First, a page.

During the Assyrian crisis (Isaiah 38:6), Hezekiah falls sick. He prays, and Yahweh heals him. At the same time, he shows his treasures to Babylonians, a prelude to Babylon’s later invasion.
“In those days Hezekiah was sick and near death. And Isaiah the prophet, the son of Amoz, went to him and said to him, Thus says the LORD: ‘Set your house in order, for you shall die, and not live . . . .’” (Isaiah 38:1—39:8).
SICK KING, PRAYING KING
In 1-2 Kings, sick kings usually die (1 Kings 14; 2 Kings 1), and their dynasties shortly follow. Hezekiah’s illness breaks the rhythm. Hezekiah doesn’t have to send for a prophet; Isaiah comes without bidding. When Isaiah brings a message of death (Isaiah 38:1), Hezekiah doesn’t roll over and die. He prays, something no other sick king does (vv. 2-3; cf. 2 Kings 19). He calls on Yahweh to remember his faithfulness, and to deal kindly with him. This is not self-righteousness. Yahweh promises to guard, protect, and heal those who cling to Him. Hezekiah has done that, and expects Yahweh to keep His side of the covenant. Hezekiah weeps (v. 3), and Yahweh takes note (v. 5). Isaiah returns with a promise of fifteen additional years, which matches the promise that the city will be saved (vv. 5-6).
Given that Hezekiah is facing death, it surprising to learn that he’s suffering from a boil (v. 21). Boils were one of plagues of Egypt (Exodus 9:8; cf. Deuteronomy 28:28-29). Israel is threatened as Egypt was, and when the king recovers, Judah is delivered once again from “Egypt.” The sign portrays Hezekiah’ situation (vv. 7-8): Hezekiah was moving toward evening, but the Lord turned back the lengthening shadow and gave him a new life. God can speed the clock of cleansing as readily as He can reverse the process of death. The steps of Ahaz probably refer to his altar (2 Kings 16), and the sign shows that the kingdom of Judah, on its deathbed because of Ahaz’s idolatries, has another chance.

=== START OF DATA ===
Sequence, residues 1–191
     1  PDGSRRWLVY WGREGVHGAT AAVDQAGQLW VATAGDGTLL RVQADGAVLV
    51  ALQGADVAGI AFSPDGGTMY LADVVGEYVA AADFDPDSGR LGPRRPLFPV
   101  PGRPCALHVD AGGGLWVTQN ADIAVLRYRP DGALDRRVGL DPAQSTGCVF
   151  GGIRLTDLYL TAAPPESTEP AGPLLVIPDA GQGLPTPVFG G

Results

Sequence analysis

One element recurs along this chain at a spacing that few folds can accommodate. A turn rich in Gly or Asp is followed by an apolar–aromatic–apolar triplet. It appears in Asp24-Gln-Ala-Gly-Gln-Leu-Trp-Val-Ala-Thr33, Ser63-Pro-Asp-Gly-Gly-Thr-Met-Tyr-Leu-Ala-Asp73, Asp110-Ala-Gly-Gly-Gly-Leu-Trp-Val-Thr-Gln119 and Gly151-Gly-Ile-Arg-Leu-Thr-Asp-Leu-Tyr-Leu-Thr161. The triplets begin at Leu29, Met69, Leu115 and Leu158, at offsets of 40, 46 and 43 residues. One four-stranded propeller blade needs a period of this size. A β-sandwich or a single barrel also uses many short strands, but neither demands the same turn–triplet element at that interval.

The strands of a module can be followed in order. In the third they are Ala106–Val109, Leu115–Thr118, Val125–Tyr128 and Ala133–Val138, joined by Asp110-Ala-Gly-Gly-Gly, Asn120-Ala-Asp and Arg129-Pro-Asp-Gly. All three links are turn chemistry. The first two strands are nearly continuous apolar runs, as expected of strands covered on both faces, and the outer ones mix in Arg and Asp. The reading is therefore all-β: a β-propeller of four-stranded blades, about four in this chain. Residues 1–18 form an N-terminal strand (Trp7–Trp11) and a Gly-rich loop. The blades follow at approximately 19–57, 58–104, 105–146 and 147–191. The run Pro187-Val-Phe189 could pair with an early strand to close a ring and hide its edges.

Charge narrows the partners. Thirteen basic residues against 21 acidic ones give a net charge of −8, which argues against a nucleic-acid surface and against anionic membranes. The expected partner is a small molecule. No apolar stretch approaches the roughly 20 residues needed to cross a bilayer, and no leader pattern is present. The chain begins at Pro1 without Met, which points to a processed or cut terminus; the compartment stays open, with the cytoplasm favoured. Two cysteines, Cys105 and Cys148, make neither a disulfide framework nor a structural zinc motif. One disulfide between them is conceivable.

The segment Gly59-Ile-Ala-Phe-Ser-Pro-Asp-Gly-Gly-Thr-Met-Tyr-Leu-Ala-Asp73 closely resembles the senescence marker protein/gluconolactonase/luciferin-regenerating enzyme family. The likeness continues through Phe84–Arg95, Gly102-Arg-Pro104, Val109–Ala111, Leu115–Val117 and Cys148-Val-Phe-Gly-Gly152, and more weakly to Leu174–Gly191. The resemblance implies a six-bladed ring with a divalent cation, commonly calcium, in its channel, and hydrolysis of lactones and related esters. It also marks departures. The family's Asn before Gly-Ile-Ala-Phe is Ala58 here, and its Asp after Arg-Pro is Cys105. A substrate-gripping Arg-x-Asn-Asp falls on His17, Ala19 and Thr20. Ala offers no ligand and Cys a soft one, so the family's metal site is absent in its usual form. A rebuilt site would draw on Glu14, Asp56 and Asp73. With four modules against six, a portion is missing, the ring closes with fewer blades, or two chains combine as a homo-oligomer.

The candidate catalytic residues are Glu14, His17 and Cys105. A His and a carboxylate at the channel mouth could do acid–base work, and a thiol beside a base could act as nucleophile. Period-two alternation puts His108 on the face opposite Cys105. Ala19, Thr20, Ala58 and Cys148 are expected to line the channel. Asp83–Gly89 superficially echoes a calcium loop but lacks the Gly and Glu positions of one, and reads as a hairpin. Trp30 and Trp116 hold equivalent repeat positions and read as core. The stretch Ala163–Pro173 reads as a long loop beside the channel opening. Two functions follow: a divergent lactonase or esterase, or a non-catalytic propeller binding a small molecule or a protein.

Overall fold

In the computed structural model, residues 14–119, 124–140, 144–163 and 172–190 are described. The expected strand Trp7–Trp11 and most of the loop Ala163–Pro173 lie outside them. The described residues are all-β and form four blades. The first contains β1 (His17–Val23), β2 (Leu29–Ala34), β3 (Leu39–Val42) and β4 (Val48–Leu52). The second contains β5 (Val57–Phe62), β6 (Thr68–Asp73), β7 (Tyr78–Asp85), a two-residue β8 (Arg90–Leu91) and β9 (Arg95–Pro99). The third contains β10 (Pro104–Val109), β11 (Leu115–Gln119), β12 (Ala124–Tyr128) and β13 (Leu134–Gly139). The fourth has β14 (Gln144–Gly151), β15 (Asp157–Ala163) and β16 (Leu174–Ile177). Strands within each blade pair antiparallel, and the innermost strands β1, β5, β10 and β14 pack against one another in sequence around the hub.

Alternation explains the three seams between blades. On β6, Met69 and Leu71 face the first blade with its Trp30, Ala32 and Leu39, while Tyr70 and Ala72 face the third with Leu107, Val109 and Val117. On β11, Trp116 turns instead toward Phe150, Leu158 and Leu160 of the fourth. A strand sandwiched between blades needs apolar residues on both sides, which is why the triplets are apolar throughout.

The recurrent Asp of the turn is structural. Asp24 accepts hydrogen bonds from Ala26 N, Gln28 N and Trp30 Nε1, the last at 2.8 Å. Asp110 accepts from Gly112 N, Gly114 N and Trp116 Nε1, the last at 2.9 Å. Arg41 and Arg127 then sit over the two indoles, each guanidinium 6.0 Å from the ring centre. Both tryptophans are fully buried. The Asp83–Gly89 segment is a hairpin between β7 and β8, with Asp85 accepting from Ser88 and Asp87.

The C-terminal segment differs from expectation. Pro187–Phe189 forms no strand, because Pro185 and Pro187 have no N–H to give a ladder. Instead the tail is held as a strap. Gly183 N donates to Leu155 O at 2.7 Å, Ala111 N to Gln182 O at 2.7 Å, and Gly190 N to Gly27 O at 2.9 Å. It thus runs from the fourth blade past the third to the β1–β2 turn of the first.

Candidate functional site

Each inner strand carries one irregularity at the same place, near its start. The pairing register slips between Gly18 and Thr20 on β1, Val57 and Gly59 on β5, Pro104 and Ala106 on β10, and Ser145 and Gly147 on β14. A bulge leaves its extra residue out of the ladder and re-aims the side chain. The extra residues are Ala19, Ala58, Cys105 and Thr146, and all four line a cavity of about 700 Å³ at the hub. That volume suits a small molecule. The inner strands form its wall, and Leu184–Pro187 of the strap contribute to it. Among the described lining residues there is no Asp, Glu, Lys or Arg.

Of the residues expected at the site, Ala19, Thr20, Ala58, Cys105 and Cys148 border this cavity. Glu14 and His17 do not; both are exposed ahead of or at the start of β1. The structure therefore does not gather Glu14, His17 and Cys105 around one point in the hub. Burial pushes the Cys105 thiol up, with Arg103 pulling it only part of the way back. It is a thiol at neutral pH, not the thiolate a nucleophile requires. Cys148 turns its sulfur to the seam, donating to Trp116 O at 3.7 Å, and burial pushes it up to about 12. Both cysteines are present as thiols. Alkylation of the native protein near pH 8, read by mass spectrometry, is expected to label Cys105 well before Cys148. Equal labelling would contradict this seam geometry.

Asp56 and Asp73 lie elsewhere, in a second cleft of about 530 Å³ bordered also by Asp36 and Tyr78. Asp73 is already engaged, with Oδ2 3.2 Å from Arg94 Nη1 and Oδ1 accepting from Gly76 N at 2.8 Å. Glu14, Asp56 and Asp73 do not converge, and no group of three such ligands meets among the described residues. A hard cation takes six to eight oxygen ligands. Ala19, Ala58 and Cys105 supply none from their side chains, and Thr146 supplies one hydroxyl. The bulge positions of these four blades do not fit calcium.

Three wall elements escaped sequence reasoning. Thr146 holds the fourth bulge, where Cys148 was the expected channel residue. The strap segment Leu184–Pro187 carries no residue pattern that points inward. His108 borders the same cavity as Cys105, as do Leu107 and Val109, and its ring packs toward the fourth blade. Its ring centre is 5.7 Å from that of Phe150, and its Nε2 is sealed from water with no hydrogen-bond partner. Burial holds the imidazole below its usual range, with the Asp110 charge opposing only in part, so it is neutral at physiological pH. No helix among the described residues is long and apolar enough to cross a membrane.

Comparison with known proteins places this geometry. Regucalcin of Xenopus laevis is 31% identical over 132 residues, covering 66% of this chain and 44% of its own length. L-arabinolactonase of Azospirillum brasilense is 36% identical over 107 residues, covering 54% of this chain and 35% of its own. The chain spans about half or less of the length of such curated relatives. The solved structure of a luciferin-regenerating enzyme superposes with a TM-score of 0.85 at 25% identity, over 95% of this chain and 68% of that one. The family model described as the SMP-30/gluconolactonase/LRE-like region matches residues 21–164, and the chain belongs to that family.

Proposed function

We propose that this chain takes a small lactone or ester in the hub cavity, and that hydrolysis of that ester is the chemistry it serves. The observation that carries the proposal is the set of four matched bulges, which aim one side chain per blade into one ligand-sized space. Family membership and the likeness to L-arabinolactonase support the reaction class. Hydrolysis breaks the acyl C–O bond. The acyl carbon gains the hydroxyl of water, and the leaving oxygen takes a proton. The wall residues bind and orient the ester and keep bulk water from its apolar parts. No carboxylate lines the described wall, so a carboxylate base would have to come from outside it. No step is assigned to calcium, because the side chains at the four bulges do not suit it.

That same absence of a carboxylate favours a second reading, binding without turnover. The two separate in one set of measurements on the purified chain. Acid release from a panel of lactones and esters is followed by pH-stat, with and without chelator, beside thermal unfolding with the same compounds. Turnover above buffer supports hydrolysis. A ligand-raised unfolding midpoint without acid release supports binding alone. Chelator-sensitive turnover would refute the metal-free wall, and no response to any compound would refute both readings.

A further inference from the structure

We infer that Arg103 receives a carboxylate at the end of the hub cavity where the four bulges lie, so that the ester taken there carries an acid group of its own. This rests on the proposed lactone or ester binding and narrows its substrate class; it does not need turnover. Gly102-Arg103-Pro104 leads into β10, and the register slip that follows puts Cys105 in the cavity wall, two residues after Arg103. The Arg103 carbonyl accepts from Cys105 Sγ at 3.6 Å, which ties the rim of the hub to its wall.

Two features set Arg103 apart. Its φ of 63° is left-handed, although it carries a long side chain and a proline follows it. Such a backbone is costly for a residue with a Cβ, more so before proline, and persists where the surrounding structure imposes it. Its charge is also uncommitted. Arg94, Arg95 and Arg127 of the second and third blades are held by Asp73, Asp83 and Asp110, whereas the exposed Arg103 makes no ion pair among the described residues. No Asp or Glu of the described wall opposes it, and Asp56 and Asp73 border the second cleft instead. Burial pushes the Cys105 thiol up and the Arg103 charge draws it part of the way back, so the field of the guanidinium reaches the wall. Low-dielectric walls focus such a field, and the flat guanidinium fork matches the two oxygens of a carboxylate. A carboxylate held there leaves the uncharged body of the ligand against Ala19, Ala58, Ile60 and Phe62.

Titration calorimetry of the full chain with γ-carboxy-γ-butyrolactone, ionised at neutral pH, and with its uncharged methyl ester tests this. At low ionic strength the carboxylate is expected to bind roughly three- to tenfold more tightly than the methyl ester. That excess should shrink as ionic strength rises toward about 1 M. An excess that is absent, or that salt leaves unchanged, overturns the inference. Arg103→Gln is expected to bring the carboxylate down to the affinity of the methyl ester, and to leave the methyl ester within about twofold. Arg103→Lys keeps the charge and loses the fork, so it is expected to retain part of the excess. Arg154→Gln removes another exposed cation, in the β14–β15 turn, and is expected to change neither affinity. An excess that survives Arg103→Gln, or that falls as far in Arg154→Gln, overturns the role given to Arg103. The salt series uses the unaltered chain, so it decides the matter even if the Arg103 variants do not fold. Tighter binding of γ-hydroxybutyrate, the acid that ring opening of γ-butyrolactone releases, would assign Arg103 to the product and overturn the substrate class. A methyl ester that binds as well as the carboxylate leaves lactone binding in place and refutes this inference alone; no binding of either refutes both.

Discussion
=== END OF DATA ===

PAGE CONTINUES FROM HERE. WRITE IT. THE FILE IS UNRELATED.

Hezekiah is healed and immediately composes a Psalm (vv. 9-20). He recounts the threat that he faced in the midst of his days (v. 10). He was on the brink of Sheol (vv. 10, 18), nearly deprived of the sight of Yahweh in the land of the living (v. 11), the tent of his body was pulled down (v. 12). Yahweh the lion breaks him like a small bird (vv. 13-14). Still, he hopes that Yahweh will hear His prayer, cast his sins behind His back (v. 17), and save him (v. 20). The dead do not praise God, and Hezekiah wants to praise Him. Hezekiah is healed by a cake of figs (v. 21), a sign that the land will be filled with vineyards and fig trees. His skin blemish prevents him from entering the temple (Leviticus 14), so he needs assurance that he can approach God (Isaiah 38:22), another king-in-temple scene(cf. 37:1, 14-20, 38).
Hezekiah probably meets with the Babylonians to buy protection from Assyria (39:1-2; cf. 38:6). This reverses the situation of Solomon. When Sheba came to visit, she was impressed and reinforced Israel’s preeminence. Isaiah warns that Babylon’s visit is a sign of Hezekiah’s subordination to the rising Gentile empire. Later Babylon will return to seize what they have seen.